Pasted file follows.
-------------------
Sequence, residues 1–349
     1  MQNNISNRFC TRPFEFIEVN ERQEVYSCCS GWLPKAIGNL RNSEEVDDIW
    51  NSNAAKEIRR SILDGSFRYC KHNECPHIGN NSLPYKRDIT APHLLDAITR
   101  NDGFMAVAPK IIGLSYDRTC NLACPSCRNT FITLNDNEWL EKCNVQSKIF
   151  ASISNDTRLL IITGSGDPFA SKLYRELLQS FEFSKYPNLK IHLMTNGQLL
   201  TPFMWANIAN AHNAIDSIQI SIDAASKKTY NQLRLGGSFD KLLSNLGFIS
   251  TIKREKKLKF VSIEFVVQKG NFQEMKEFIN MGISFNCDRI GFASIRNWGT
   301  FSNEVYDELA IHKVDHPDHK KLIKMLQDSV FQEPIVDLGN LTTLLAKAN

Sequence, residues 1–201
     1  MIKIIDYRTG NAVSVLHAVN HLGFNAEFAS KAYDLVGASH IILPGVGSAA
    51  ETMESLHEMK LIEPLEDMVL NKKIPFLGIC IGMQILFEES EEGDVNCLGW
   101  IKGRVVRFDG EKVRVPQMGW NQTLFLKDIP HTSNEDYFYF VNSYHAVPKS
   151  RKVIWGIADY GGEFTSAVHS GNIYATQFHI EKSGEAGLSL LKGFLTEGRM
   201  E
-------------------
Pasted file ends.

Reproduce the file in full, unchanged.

Sequence, residues 1–349
     1  MQNNISNRFC TRPFEFIEVN ERQEVYSCCS GWLPKAIGNL RNSEEVDDIW
    51  NSNAAKEIRR SILDGSFRYC KHNECPHIGN NSLPYKRDIT APHLLDAITR
   101  NDGFMAVAPK IIGLSYDRTC NLACPSCRNT FITLNDNEWL EKCNVQSKIF
   151  ASISNDTRLL IITGSGDPFA SKLYRELLQS FEFSKYPNLK IHLMTNGQLL
   201  TPFMWANIAN AHNAIDSIQI SIDAASKKTY NQLRLGGSFD KLLSNLGFIS
   251  TIKREKKLKF VSIEFVVQKG NFQEMKEFIN MGISFNCDRI GFASIRNWGT
   301  FSNEVYDELA IHKVDHPDHK KLIKMLQDSV FQEPIVDLGN LTTLLAKAN

Sequence, residues 1–201
     1  MIKIIDYRTG NAVSVLHAVN HLGFNAEFAS KAYDLVGASH IILPGVGSAA
    51  ETMESLHEMK LIEPLEDMVL NKKIPFLGIC IGMQILFEES EEGDVNCLGW
   101  IKGRVVRFDG EKVRVPQMGW NQTLFLKDIP HTSNEDYFYF VNSYHAVPKS
   151  RKVIWGIADY GGEFTSAVHS GNIYATQFHI EKSGEAGLSL LKGFLTEGRM
   201  E